Of the famous faces spotted at Wimbledon, perhaps the most crowd-pleasing ones belong to members of the British royal family. They have an open invitation every year to sit at the Royal Box, the most exclusive of enclosures (you must be invited by the chairman of the All England Club to sit in the section).
Throughout the years, Kate Middleton and Prince William have become regulars, as are Princesses Beatrice and Eugenie. What, exactly, draws the royals back to Wimbledon again and again each year?
Of course, some of it is a love of the sport—Kate Middleton played tennis growing up. It’s even rumored that she and William installed a $79,000 AstroTurf court at their country home of Anmer Hall. And the celebrity world is a small one: Middleton and William are close enough with Roger Federer that their children enjoy the occasional playdate together.
Yet the royal connection to Wimbledon is far more than a hobby shared by friends. Henry VIII was an early recorded tennis fan. He spent hours playing at his home of Hampton Court. (Although this game he played, court tennis, is quite different than the “lawn tennis” of Wimbledon.) The popularity and presence of the game ebbed, flowed, and morphed throughout the next few centuries in England. But in 1877, its cultural role was cemented when the All England Lawn Tennis and Croquet Club held a “lawn tennis meeting, open to all amateurs”—the first-ever Wimbledon.
It was also during George’s time that the tradition of bowing and curtsying to the Royal Box began. This was later largely phased out in 2003 by the club president, the Duke of Kent, who viewed it as anachronistic. (Still, exceptions are made for Queen Elizabeth II and Prince Charles. Andy Murray bowed to the Queen, who showed up to his match in 2010. He called it a “once-in-a-lifetime opportunity.”)
But the British royals didn’t just watch Wimbledon, they were in it: In 1926, the then-Duke of York (Queen Elizabeth’s father) played in the doubles tournament with his equerry. They lost in the first round.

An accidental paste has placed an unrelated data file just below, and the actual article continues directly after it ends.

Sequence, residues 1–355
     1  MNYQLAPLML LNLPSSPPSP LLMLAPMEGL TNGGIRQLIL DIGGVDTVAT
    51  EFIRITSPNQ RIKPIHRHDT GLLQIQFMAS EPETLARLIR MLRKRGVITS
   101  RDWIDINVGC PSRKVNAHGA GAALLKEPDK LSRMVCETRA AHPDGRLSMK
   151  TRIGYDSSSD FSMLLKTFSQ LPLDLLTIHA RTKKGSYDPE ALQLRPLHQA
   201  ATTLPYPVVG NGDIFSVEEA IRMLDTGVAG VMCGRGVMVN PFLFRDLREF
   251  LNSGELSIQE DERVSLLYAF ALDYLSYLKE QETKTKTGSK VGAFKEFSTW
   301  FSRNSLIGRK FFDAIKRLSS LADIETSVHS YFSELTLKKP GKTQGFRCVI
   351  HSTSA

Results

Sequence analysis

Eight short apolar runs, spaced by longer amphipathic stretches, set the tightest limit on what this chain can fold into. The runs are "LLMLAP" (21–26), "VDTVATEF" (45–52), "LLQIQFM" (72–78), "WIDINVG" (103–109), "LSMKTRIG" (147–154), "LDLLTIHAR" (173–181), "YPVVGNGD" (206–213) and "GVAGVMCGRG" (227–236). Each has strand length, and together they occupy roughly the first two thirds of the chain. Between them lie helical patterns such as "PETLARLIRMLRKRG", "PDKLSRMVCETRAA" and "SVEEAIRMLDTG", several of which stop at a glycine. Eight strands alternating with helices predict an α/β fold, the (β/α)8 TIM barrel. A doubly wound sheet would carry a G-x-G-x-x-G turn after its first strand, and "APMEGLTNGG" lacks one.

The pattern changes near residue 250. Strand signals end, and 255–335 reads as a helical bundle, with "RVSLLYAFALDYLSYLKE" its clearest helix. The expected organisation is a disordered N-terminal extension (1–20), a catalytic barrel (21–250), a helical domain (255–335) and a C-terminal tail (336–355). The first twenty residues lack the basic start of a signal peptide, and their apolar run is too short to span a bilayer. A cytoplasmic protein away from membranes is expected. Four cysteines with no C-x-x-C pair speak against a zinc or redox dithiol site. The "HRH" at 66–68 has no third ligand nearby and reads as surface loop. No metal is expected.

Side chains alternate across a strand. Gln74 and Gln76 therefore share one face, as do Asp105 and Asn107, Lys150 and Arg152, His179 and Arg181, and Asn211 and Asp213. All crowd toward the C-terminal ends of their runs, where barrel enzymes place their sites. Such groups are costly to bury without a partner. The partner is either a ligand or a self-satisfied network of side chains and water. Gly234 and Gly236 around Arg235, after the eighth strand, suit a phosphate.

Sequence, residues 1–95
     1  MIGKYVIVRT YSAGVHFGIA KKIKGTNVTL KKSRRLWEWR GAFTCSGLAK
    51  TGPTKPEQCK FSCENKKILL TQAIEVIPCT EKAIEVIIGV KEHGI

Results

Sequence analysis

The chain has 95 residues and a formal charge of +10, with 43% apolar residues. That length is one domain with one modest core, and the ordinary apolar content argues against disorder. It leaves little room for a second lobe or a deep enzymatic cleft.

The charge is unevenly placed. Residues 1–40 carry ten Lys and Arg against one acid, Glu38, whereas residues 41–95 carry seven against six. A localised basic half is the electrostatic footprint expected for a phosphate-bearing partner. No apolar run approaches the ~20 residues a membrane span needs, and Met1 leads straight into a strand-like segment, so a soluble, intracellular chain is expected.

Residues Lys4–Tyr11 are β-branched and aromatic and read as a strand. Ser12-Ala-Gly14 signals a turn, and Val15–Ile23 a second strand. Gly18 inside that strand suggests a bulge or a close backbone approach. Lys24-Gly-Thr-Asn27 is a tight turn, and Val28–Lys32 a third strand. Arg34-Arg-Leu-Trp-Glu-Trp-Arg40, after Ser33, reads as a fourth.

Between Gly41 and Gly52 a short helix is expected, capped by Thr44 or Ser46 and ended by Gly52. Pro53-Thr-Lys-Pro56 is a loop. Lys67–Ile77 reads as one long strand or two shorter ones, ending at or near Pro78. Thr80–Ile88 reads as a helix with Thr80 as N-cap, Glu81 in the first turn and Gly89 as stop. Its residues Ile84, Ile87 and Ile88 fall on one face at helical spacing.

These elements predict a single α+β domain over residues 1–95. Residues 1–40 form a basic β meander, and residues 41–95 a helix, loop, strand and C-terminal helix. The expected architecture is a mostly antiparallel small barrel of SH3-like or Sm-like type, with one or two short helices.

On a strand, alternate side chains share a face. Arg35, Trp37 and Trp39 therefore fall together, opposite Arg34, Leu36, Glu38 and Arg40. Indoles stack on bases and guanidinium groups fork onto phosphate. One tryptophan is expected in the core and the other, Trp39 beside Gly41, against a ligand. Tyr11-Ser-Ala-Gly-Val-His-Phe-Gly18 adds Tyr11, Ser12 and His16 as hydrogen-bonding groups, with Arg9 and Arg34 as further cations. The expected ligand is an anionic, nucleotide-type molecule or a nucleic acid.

For a few years in the 1940s, there was no Wimbledon due to World War II. The grounds were instead used by, among others, Britain’s Home Guard and fire and ambulance services. In 1940, Centre Court was bombed and about 1,200 seats were damaged. The tournament resumed in 1946, but they weren’t able to repair the court until 1947.
With the end of the war and, a few years later, the death of King George VI, Queen Elizabeth became the royal face of Wimbledon. She was appointed as patron in 1952, although she didn’t seem to take to the role much—her 2010 visit to watch Murray was her first in 33 years.
However, Prince Edward, Duke of Kent, inherited the family’s love of the game. After years playing the sport, he became president of the All England Lawn Tennis and Croquet Club in 1969. He presents the trophies to the champions every year.
When Kate Middleton entered the royal fold, she became a staple at the annual tournament. In one of her first post-wedding appearances in 2011, she was spotted enthusiastically doing the wave, much to the amusement of Prince William. She also frequently brings along her sister, Pippa Middleton, and mom, Carole.
In fact, Kate Middleton loved Wimbledon so much that, after doctors told her she could “definitely not” attend in 2013 because she was heavily pregnant with Prince George, she wrote Andy Murray an apology note. “I wrote to him afterwards saying sorry for not being there, but huge congratulations,” she said in the BBC Documentary Sue Barker: Our Wimbledon.
Why such avid devotion? “It’s such . . . a quintessential part of the English summer, and I think it really inspires youngsters; myself, it inspired me, when I was younger, to get involved in the game. It hasn’t changed either, I think that’s what’s so wonderful,” she said.
The Queen took note—in 2016, after 71 years, she gave her patron role to her granddaughter-in-law.
So, as the tournament kicks off in earnest this week, make sure to watch the match and the Royal Box.
CreditLead image: Daniel Leal-Olivas via Getty Images